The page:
Fleming is among more than 1,350 inmates exonerated nationwide in the last 25 years. Studies have found those exonerated often confront challenges finding jobs and housing, rebuilding family relationships and grappling with the psychological legacies of their experiences.

One legacy that haunts Fleming is regret over his 33-year-old son in prison, the one he left behind when he was arrested. The Disney World trip had been that son's ninth birthday present.

"Sometimes I feel like I failed him because I really feel if I was out there, I don't think he'd be in prison now," says Fleming, who is planning a visit.

He's also been reconnecting with his other three sons, including one born while he was in prison and a 32-year-old son he didn't know he had until after he was behind bars. Fleming visited him and his family in Pennsylvania.

"They had a cookout," he says. "Made me really feel at home."

___

Fleming doesn't want to talk about his life before his arrest. He'd had other brushes with the law; prison system records show he had served about a year in an auto-theft case.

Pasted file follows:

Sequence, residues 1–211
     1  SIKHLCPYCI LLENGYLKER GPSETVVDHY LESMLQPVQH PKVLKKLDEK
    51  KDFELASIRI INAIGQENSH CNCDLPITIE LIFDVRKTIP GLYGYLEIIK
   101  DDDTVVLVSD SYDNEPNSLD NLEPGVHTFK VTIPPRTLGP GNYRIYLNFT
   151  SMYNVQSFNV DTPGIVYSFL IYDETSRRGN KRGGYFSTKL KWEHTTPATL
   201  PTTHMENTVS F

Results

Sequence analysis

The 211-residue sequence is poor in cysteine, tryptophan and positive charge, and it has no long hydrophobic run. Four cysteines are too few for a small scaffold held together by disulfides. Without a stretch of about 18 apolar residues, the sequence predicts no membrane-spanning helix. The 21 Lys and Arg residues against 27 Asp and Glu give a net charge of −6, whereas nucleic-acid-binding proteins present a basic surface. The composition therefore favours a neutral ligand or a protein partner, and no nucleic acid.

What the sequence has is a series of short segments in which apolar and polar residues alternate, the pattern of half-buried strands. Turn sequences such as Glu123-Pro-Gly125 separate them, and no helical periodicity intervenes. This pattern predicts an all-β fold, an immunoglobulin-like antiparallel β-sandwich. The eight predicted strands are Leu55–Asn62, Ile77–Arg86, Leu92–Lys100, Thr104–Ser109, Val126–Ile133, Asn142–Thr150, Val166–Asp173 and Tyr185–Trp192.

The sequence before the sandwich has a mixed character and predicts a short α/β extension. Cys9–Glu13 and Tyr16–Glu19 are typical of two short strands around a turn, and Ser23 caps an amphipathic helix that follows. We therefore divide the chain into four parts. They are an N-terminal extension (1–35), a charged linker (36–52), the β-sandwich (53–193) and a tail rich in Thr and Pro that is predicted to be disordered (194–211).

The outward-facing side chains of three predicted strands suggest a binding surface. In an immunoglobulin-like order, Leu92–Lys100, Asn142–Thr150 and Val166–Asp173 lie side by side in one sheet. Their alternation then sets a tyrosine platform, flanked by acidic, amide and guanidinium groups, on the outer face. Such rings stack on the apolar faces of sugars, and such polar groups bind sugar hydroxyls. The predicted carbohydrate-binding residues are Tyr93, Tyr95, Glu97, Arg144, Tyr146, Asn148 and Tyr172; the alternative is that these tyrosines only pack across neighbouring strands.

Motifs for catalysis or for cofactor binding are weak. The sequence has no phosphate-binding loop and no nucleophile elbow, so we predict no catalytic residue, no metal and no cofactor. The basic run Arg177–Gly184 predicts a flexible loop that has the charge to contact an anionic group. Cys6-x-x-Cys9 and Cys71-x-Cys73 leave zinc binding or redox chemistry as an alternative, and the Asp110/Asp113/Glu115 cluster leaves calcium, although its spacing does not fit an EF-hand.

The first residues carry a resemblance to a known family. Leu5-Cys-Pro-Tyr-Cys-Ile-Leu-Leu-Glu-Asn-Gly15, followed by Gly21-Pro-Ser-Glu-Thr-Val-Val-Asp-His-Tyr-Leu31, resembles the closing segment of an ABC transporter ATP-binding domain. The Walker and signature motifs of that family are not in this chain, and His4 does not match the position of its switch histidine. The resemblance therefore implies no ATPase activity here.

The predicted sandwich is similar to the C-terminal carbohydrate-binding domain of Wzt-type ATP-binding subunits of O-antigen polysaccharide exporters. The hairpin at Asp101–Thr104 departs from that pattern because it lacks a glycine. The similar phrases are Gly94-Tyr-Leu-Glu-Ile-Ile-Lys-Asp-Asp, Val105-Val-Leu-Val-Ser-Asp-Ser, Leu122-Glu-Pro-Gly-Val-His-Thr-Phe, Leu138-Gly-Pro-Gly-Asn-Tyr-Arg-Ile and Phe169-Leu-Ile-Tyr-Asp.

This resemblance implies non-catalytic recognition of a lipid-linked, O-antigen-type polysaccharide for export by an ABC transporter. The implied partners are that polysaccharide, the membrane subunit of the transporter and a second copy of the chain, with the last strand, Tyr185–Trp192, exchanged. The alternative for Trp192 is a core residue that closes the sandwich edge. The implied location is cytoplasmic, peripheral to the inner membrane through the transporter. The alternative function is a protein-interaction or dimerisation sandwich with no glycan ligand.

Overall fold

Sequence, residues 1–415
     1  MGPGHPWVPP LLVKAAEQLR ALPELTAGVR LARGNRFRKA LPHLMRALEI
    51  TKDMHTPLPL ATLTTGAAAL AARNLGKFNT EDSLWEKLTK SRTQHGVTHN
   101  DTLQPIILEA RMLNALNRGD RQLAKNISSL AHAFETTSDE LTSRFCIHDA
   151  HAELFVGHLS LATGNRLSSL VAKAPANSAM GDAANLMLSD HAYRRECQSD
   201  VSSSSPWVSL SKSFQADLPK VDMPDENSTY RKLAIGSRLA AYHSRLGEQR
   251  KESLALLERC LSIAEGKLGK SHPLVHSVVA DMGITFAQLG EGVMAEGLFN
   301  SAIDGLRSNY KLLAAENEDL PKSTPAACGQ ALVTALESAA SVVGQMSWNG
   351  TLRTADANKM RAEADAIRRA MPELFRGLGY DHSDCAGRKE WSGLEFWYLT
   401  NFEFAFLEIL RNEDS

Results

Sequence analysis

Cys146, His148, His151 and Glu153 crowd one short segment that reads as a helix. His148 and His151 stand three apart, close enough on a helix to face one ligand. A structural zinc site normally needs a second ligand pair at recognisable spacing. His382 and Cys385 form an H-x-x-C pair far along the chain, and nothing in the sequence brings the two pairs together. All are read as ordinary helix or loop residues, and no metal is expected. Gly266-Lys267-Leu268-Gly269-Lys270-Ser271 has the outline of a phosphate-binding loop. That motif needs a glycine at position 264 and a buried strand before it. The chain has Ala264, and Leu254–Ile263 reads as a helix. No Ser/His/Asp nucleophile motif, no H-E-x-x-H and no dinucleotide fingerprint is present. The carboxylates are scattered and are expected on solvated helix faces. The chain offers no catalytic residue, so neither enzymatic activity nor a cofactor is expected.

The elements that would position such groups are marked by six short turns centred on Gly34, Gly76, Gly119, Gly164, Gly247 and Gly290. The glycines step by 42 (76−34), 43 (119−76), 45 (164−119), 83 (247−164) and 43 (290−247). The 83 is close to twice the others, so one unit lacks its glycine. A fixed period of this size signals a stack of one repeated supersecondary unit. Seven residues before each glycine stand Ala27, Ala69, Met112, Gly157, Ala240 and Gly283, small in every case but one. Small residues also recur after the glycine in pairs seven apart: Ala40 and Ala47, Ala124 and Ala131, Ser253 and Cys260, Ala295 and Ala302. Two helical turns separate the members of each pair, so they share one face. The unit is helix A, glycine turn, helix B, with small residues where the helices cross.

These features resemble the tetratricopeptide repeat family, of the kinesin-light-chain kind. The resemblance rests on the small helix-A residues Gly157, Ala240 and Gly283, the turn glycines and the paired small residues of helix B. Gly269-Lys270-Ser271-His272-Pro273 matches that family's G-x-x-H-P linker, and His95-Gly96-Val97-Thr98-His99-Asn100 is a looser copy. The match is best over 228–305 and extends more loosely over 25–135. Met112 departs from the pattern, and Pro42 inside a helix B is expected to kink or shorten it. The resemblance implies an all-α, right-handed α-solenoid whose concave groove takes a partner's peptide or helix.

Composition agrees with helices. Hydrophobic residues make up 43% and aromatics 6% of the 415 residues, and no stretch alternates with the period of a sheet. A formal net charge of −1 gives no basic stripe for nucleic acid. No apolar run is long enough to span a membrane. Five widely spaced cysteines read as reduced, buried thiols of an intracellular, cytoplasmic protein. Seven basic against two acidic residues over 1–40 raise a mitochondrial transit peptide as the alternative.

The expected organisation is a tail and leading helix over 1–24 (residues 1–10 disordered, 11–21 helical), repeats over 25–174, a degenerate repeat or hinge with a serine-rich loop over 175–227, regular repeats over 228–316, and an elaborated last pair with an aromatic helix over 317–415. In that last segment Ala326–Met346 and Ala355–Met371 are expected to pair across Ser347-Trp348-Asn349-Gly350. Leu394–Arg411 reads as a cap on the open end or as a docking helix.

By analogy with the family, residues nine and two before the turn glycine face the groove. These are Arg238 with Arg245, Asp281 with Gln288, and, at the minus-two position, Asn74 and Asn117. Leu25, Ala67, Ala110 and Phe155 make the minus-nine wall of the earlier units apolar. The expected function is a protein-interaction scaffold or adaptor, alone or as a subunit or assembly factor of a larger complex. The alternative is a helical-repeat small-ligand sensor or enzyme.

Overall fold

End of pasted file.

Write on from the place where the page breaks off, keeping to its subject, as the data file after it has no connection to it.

What he will say is: "I'm not going to pick up where I left off. It's a new day."

"A New Day" is his working title for a book he started writing in prison and hopes to publish someday. He also wants to go to college, maybe law school, to help other inmates challenge convictions and to advise young people about staying out of trouble.

"I'm excited to move forward," Fleming says. "Because I know God has a plan for me."

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YOUNGBLOOD April 24 2014 at 5:00 PM

After that long a stay in prison, he is an institutionalized man. I hope there is a program or he has loads of family to help him get back into civilization. Sometimes these men are so embarrassed by not knowing how to fit back into society, they regress.

Good Luck, Mister.

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weynspirit April 24 2014 at 6:44 PM

if he's not guilty then i say good luck to him, pay him for ruining his life, and those involved in this case should be help responsible for his restitution, and should be fired or step down, do the right thing, for once, the courts system is broken

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1 reply
slaton289 weynspirit April 24 2014 at 7:03 PM

THANK GOD WE HAVE A GOD THAT CAN OPEN DOORS AND DID YES IT TOOK 24 YRS I TOO FEEL HE SHOULD BE COMPENSATED FOR ALL THOSE YRS HE DID UNJUSTLY BUT IT JUST GOES TO SHOW WE HAVE A VERY BROKEN SYSTEM. THERES NO LAW ANYMORE JUS A BUNCH OF BULL----. BY THE GRACE OF GOD THIS MAN WILL PROSPER. YOU PEOPLE KILL ME WORRYING BOUT FOODSTAMPS. PICTURE YOURSELF IN THIS POSITION.

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den April 24 2014 at 9:42 AM

first,he should get 24 million from the city,state that did this to him!!! then,he should get everything the DA,prosecutors,,judge ,anyone that had anything to do with him going to prison.